By Tech. Sgt. Lindsey Maurice, 920th Rescue Wing Public Affairs
/ Published March 29, 2018
PATRICK AIR FORCE BASE, Fla --
It was a roller coaster of emotions for the approximately 1,500 people who joined together from across the globe to pay tribute to pararescuemen Master Sgt. William Posch and Staff Sgt. Carl Enis in aircraft Hangar 750, March 27.
The pararescuemen assigned to the 308th Rescue Squadron were two of the seven Airmen killed in an HH-60G Pave Hawk helicopter crash in Anbar Province, Iraq, March 15, 2018.
“Today is a day in which we should remember the joy, the laughter, the magnanimous life of Bill and Carl and the entire crew of Jolly 51,” said Lt. Col. Timothy Hanks, 308th RQS commander. “Today is another day in our healing process for family, friends, teammates, and the community. It is a day in which we recognize the pain is real and still raw, but it is also the day we celebrate the lives of our fallen heroes.”
All eyes were on the families of the fallen as their 60-vehicle motorcade of military and civilian police, SWAT teams and veteran motorcyclists arrived at the hangar. The crowd of predominately camouflage uniforms became still at the presentation of the colors followed by a steel-guitar solo performance of the National Anthem by pararescueman retired Chief Master Sgt. Robert Disney.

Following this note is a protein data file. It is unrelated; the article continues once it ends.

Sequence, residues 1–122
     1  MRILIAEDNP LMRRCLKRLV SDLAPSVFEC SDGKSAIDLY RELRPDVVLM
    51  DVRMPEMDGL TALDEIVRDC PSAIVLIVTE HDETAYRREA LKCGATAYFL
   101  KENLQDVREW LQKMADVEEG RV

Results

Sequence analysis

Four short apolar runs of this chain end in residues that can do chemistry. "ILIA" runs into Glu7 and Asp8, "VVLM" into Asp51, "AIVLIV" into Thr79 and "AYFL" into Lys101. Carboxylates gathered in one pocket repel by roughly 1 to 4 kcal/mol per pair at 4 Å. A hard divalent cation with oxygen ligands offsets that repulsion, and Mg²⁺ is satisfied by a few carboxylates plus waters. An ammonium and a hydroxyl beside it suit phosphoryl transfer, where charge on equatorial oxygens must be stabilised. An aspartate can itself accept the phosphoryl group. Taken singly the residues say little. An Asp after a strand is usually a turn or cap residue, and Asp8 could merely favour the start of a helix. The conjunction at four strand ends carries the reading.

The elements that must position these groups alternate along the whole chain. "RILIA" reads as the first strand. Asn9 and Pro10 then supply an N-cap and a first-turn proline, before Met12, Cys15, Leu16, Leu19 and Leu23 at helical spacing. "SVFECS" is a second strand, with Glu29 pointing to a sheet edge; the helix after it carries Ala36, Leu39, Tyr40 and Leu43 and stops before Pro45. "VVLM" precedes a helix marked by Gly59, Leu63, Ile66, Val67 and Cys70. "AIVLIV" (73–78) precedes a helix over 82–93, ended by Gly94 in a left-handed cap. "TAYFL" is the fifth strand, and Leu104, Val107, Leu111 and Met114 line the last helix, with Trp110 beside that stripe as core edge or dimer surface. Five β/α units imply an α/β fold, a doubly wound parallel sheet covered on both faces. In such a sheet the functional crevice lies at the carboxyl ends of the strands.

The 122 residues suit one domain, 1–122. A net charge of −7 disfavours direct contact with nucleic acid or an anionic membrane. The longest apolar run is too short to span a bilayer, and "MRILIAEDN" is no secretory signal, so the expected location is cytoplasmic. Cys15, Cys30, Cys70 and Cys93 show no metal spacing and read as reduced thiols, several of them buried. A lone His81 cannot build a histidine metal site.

“You may be asking yourselves why the multicam and field uniforms for this ceremony,” said 1st Lt. Dan Warren, 212th Rescue Squadron combat rescue officer and master of ceremonies. “It’s our way of honoring warriors killed in action. Most of the 308th Rescue Squadron is still deployed to a combat theater on alert every day unable to attend their own teammates’ memorial. They can’t wear blues and Bill’s and Carl’s funerals will be the place where we honor their legacy in dress blues and pushups. This is a celebration of the lives and legacies of these fallen heroes.”
The brotherly love of the Guardian Angel community was at the forefront of the ceremony as fellow PJs and combat rescue officers traveled from as far as England, Alaska, Oregon, Arizona, and Georgia among other locations to show their support for the families. The maroon sea of their maroon berets filling the seats directly behind the family and the entire right side of the hangar was a visual statement of their support. Guardian Angel is comprised of CROs; PJs; survival, evasion, resistance, and escape specialists and uniquely trained support personnel dedicated to the Air Force core function of personnel recovery.
“Over the past week I’ve had the honor and the privilege to be with our gold star families and hear their stories how they as wives, mothers, sisters, brothers, family and friends remember Bill and Carl,” Hanks said. “You have paid the ultimate sacrifice as well. Please know with this loss you’ve also gained 1,000 sons, brothers, uncles, sisters and fathers. You can call anywhere around the world and mention who you are and any of these men amongst you will drop everything to meet your request.”
The lives deeply touched by the two American heroes was evident as speaker after speaker took to the podium sharing sentimental memories and hilarious tales of embarrassing blunders, adrenaline-fueled adventures and the good times.
“I’ve known Bill and Carl for an incredibly long time.” said Staff Sgt. Joshua Langley, 308th RQS pararescueman who met Posch through lifeguarding as a teenager and Enis in college at Florida State University. “We are all better for knowing these two. They taught us so much about life and they have made the world such an entertaining place. We should always celebrate the great times, the rescues, the laughter and the memories.”